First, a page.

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From: Gabriel Dos Reis (Gabriel.Dos-Reis_at_[hidden])
Date: 2001-11-07 07:40:34

Kevin Lynch <krlynch_at_[hidden]> writes:


| While
| there are perhaps a few isolated exceptions, it has been my experience
| that calling one of the standard math functions with integral arguments
| is almost always an error on the part of the programmer, and in C at
| least, it is the type of error that can be very very difficult to track
| down, because the compiler doesn't have to tell you that you "might" be
| doing something wrong. I can't think of any case where something like
| int i = 1;
| double d = sin(i);
| would be anything but an error in coding, and if you are doing it with a
| literal, it doesn't take any real additional effort to write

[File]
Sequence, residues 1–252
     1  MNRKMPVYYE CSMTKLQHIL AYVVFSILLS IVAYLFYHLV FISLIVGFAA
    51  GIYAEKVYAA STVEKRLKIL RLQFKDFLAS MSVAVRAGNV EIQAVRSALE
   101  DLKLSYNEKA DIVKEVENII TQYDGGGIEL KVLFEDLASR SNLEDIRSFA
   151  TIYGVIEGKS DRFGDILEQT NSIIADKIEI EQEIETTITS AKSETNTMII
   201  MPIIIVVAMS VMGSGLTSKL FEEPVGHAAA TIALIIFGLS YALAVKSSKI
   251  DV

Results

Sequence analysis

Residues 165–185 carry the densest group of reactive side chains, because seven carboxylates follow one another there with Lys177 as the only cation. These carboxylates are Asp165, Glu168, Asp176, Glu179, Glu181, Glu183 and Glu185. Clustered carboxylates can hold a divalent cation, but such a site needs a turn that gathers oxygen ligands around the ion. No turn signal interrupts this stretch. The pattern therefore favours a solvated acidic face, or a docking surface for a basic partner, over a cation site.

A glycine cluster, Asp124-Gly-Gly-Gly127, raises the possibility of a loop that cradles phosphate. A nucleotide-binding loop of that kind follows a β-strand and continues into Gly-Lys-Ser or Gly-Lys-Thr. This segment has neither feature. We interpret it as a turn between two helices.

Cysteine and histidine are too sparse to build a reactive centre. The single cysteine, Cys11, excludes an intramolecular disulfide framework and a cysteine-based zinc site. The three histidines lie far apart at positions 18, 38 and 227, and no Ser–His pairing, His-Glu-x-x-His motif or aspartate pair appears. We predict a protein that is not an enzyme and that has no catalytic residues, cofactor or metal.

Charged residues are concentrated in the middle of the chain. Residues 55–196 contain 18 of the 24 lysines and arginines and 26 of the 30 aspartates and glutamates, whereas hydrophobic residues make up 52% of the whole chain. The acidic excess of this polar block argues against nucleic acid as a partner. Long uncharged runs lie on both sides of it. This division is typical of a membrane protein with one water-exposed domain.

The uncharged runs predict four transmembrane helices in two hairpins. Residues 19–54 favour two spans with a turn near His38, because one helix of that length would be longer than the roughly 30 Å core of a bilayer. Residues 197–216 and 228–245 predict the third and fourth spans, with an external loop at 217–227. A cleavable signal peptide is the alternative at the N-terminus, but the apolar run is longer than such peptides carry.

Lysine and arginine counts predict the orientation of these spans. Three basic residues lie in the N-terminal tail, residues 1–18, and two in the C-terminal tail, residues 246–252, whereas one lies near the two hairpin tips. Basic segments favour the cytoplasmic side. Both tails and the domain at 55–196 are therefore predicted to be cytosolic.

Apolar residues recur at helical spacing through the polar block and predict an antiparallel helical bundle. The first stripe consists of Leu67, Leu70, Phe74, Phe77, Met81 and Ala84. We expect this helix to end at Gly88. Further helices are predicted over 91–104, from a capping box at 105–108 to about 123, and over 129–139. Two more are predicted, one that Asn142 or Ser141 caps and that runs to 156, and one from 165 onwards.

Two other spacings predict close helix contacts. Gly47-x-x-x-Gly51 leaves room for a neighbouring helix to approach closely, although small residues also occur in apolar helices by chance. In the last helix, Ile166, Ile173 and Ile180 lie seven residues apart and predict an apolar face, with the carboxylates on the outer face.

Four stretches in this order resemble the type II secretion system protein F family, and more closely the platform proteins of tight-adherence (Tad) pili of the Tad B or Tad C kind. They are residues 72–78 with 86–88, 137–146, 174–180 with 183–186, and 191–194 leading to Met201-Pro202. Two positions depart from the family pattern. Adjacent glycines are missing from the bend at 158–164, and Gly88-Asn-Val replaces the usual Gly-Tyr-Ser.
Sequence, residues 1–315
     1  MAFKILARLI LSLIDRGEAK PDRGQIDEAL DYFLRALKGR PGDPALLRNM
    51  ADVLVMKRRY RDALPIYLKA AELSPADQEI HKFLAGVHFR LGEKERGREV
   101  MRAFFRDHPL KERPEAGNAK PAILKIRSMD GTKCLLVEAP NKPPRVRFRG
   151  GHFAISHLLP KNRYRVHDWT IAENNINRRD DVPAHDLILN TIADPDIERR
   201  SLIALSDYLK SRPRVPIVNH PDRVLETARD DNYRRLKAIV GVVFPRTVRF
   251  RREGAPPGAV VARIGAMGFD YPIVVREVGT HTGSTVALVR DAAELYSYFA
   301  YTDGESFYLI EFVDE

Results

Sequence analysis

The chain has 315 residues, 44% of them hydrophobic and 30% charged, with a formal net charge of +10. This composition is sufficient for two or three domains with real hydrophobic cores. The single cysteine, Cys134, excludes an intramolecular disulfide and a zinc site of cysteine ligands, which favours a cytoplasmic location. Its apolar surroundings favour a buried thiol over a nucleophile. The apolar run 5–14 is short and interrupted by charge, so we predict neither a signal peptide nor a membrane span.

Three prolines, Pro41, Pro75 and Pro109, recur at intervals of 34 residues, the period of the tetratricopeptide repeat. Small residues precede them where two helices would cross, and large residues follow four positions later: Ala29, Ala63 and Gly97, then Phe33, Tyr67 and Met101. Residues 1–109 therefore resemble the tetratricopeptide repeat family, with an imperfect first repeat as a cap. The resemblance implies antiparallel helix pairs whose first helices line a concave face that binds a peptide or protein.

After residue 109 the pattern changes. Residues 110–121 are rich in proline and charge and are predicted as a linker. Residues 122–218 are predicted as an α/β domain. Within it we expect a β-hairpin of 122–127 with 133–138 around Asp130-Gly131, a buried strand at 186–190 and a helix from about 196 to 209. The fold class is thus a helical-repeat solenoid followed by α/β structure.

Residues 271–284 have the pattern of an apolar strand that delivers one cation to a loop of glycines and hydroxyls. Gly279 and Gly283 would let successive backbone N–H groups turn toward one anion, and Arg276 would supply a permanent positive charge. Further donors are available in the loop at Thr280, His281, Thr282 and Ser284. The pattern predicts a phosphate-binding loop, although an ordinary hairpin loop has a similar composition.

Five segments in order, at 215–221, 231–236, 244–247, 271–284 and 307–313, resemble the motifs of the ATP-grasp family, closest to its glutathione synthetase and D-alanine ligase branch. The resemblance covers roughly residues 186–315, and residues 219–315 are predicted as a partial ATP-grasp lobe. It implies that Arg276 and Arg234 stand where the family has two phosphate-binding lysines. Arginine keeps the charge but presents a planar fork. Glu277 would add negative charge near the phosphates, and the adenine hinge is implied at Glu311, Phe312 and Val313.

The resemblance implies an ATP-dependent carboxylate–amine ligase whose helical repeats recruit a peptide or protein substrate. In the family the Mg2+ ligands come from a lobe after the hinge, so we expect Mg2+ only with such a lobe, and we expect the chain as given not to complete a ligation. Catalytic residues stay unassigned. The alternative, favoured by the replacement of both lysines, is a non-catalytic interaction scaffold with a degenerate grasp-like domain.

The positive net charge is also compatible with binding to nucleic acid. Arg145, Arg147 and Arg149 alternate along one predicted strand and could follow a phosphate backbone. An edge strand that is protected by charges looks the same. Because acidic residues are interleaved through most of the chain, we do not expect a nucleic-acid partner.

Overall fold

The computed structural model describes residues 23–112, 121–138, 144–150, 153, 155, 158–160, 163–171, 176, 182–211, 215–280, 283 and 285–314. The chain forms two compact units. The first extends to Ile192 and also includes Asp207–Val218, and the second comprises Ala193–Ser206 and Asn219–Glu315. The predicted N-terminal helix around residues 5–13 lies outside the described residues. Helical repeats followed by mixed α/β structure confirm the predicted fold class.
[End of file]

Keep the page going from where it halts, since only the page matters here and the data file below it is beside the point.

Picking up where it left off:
| sin(1.); than to write sin(1);
| (OK, I'll grant that something like double d = sqrt(2); is occassionally
| useful, and certainly true that pow(int,int) can be very useful for
| smaller arguments at times, but it isn't that much harder to write
| double d = sqrt(2.); or even
| int i;
| // intervening code which sets i ...
| double d = sqrt(static_cast<double>(i));

Well, our customers to not agree with you (their codes used to work
before we got a C++ standard) and the reasons you're giving (which I
understand) are not enought convincing for them

-- Gaby

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